[HanCinema's Drama Review] "Song of the Bandits" Episodes 2-7
By William Schwartz | Published on
It's been ten days since "Song of the Bandits" came out on Netflix, and it's safe to say the drama hasn't had much long-term impact. Official Netflix figures gave it 14.9 million views over its first three days. This was less than the 19.7 million views "A Time Called You" had in its third week. The data since then hasn't had much better- according to FlixPatrol, "Song of the Bandits" is currently only the number one drama in South Korea, and only charts in the top ten in seven other markets, most significantly as the number four serial drama in Nigeria.
Why the shortfall? Well, for the same reason I'm cramming six whole episodes into a single review. "Song of the Bandits" is quite long, but has surprisingly little story to really justify the runtime. There's only really one major plot point- the mad dash by various factions to grab the railroad money. Every individual episode of "Song of the Bandits" is just a very drawn-out version of a single major scene and plot twist.
"Song of the Bandits" extends this narrative with character-based subplots, most notably with Eon-nyeon (played by Lee Ho-jung), the assassin who was supposed to kill Kim Nam-gil's character Yoon in the first episode but decided not to bother with it. Despite Lee Ho-jung's performance being quite good, oftentimes even better than Kim Nam-gil's, she struggles for relevance in the story. Extended flashbacks don't do much to help her character, who works best in the narrative as an unaligned wild card with ambiguous motivation.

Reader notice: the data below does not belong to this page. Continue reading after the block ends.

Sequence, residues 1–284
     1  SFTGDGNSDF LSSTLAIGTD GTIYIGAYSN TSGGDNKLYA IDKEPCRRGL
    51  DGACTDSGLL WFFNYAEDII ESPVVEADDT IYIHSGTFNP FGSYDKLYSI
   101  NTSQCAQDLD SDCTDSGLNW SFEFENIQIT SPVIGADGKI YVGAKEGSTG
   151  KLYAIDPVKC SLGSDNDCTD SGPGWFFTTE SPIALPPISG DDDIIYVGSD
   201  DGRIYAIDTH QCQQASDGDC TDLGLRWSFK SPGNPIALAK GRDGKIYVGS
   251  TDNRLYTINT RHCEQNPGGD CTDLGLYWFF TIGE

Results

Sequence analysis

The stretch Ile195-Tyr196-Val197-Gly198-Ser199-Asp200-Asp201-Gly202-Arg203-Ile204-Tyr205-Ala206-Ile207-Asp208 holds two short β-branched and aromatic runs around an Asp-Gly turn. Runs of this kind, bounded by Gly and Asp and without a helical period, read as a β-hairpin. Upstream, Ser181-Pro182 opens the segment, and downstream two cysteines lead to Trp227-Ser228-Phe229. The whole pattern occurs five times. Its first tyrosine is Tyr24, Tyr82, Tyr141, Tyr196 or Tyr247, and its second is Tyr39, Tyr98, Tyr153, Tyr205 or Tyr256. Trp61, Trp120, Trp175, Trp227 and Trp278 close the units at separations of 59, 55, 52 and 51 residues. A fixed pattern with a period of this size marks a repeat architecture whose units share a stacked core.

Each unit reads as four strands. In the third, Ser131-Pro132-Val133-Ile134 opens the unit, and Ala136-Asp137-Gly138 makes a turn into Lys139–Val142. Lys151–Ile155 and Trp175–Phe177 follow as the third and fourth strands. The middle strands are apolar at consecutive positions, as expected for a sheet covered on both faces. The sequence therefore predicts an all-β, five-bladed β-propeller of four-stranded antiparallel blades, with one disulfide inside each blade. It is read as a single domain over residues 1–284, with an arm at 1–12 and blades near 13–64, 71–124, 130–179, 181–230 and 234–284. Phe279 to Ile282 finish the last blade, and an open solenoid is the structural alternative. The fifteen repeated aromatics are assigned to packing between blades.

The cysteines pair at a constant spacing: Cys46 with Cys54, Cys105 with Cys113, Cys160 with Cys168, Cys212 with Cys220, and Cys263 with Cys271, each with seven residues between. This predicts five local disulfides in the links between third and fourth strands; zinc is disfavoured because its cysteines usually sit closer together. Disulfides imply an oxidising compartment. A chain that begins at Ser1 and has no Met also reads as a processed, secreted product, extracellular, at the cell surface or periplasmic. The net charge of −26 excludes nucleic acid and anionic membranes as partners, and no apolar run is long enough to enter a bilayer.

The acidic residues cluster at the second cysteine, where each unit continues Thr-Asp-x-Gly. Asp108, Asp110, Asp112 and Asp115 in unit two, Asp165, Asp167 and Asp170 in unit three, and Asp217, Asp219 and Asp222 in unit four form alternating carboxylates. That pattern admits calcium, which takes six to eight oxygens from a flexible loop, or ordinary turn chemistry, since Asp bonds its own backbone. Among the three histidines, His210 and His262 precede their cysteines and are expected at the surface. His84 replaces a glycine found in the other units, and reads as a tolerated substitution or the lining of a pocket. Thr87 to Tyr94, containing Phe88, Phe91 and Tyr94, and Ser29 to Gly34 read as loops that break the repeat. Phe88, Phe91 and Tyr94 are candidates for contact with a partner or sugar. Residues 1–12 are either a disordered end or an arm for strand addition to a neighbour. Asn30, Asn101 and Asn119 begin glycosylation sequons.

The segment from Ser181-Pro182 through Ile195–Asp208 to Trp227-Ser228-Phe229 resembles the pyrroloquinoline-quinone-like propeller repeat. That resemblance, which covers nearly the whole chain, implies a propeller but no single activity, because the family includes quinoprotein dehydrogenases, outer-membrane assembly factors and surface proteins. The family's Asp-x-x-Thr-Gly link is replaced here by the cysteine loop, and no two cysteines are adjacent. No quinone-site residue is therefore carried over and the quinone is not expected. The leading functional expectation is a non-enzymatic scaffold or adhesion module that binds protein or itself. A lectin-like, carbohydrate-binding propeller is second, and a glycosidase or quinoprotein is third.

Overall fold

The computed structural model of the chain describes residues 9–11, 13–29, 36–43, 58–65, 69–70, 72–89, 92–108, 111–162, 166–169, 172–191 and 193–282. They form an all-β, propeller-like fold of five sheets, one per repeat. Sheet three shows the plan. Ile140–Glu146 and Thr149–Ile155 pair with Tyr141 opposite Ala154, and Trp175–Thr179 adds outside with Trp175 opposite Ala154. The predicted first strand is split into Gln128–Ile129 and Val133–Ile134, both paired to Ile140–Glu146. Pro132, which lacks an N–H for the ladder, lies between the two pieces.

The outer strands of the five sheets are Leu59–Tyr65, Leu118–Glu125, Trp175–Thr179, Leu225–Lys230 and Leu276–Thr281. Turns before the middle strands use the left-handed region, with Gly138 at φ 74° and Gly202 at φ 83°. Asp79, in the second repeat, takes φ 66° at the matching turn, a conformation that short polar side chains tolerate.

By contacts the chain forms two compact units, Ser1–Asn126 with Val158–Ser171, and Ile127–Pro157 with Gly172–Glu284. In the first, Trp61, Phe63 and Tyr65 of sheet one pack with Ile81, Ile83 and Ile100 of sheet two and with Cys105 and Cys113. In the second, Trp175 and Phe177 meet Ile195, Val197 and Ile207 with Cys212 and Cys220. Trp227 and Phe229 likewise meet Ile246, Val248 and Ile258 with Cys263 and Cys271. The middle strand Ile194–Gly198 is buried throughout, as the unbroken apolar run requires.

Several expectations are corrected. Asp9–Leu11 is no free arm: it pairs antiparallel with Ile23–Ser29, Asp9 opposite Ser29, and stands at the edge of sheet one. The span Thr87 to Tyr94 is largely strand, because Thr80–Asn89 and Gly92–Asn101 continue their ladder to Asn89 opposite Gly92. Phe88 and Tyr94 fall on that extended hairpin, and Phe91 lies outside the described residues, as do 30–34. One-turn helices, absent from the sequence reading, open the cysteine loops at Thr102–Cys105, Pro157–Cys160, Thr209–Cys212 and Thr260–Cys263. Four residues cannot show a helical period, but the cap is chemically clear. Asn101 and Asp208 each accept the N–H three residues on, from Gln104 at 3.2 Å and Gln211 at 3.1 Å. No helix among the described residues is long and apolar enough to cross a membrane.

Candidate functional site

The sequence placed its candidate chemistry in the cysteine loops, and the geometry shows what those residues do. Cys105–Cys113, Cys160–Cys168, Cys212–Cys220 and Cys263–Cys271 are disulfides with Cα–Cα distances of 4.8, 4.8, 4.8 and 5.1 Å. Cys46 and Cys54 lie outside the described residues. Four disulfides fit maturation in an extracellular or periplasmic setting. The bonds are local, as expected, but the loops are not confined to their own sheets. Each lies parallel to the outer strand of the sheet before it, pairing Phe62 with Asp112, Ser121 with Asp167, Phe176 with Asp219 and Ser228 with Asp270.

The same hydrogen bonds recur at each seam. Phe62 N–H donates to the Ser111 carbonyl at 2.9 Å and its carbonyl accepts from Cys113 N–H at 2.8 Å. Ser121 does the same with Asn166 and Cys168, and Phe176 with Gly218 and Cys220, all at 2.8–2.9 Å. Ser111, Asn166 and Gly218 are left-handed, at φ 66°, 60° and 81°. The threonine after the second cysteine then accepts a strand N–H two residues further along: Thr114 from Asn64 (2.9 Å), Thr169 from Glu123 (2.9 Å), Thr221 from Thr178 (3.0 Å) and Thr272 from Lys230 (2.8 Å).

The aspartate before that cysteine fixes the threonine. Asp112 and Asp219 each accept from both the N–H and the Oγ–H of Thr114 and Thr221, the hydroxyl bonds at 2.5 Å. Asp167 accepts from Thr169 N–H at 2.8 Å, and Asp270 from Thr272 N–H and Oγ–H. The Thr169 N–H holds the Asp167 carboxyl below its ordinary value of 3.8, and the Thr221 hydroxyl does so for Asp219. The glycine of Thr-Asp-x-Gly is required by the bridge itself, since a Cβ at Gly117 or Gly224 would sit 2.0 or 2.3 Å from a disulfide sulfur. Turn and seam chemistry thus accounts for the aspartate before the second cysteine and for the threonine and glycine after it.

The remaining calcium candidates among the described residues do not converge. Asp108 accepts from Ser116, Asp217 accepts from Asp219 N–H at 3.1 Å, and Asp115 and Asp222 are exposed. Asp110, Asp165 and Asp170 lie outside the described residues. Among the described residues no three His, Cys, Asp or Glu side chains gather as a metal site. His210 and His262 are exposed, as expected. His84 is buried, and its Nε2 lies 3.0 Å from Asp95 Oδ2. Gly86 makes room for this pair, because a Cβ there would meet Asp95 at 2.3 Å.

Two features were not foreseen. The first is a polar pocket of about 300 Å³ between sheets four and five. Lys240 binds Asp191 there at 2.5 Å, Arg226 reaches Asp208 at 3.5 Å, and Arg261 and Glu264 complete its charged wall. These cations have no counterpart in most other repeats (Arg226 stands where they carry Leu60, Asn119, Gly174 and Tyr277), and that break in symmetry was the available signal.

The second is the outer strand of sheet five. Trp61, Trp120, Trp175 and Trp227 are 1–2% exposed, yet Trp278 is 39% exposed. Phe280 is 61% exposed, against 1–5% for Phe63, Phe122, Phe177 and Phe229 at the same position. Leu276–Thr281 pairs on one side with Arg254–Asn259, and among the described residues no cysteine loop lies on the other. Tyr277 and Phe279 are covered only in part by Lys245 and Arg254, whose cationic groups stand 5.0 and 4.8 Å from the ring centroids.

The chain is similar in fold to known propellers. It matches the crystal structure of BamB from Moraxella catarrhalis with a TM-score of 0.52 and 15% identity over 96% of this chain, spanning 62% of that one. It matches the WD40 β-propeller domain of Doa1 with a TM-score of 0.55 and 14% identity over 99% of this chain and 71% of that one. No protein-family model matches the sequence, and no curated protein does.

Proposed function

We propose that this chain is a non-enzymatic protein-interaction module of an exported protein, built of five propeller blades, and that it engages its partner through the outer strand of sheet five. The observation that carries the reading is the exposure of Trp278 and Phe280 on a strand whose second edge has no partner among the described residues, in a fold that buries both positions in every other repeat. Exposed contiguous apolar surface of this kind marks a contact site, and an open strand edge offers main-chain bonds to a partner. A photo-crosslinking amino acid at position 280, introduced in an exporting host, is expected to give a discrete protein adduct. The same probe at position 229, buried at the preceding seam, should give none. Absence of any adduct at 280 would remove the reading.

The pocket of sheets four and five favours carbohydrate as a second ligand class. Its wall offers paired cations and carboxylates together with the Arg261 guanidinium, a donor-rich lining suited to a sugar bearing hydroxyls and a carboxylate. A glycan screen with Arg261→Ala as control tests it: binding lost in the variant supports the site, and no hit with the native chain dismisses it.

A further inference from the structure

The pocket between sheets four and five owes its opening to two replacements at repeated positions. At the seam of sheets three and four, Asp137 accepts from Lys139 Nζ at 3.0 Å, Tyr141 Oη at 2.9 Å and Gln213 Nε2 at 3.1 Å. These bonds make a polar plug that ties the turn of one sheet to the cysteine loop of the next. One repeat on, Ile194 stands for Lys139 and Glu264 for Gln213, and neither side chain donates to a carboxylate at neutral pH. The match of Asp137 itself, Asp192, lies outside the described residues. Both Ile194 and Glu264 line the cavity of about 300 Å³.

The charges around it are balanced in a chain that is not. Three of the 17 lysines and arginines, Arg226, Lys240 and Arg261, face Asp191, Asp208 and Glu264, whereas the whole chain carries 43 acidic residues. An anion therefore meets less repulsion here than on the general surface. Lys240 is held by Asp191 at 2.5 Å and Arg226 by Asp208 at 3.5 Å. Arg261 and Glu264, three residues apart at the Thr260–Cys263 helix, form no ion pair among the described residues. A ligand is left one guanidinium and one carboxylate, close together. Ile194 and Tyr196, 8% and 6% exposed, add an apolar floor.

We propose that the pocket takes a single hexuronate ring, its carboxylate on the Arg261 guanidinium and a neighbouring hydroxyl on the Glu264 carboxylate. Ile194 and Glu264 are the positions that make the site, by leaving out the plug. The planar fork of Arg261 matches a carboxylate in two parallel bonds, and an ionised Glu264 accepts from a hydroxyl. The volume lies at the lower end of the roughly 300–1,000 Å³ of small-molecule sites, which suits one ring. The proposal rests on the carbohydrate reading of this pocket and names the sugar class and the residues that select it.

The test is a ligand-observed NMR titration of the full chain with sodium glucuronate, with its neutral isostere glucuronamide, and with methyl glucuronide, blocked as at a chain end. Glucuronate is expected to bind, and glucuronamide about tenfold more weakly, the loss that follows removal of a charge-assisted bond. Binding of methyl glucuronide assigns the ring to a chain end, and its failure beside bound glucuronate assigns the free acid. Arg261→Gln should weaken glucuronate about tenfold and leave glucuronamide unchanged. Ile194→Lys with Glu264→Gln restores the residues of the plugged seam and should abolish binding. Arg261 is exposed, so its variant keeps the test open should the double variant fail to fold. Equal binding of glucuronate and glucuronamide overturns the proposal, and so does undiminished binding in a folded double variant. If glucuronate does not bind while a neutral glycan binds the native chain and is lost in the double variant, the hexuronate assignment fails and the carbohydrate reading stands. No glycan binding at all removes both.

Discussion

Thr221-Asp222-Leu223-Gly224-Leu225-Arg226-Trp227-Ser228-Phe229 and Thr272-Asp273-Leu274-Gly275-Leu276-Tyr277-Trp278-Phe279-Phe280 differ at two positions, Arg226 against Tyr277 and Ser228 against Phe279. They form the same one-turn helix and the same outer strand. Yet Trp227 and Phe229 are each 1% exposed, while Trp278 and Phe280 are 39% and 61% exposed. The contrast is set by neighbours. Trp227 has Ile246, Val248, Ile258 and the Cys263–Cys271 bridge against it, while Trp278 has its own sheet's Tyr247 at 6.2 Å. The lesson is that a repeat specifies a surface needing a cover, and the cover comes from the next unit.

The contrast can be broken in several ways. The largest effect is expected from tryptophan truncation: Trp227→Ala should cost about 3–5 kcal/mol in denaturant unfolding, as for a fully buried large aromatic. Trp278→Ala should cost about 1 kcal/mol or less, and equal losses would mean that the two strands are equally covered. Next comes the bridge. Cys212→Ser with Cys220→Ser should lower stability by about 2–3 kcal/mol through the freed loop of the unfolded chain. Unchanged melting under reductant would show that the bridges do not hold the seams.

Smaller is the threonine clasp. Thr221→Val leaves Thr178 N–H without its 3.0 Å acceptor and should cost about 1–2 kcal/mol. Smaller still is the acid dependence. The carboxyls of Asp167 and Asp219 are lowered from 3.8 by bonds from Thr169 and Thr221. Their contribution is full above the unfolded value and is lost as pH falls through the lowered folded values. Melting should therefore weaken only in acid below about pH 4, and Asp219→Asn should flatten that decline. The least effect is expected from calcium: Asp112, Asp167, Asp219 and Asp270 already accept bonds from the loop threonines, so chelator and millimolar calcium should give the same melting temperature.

But Hee-shin (played by Seohyun) is even more superfluous. I was a bit surprised to realize that by the end of the seventh episode, we still know almost nothing about her, and it takes a surprisingly long time for the script to even have Yoon and Hee-shin acknowledge their preexisting relationship. The backstory just isn't terribly interesting, except to the extent it affects how the main characters interpret the ongoing conflict.
All of this is to say that "Song of the Bandits" would work a lot better as a tightly edited movie, which is a criticism that can be made of a lot of Netflix projects and not just the Korean ones. To be fair, if you like Western style action with a lot of emphasis on antique guns, "Song of the Bandits" is still a fun enough time, which is why I've stuck around with it for this long. The drama's just a tough sell for a more mainstream audience is the issue with it.
Written by William Schwartz
"Song of the Bandits" is directed by Hwang Joon-hyeok, Park Hyeon-seok, written by Han Jeong-hoon, and features Kim Nam-gil, Seohyun, Yoo Jae-myung, Lee Hyun-wook-I, Lee Ho-jung, Kim Do-yoon-I. Broadcasting information in Korea: 2023/09/22, Fri on Netflix.
Staff writer. Has been writing articles for HanCinema since 2012, having lived in South Korea from 2011 to 2021. He is currently located in the Portland metropolitan area. William Schwartz can be contacted via email@example.com, and is open to requests for content in future articles.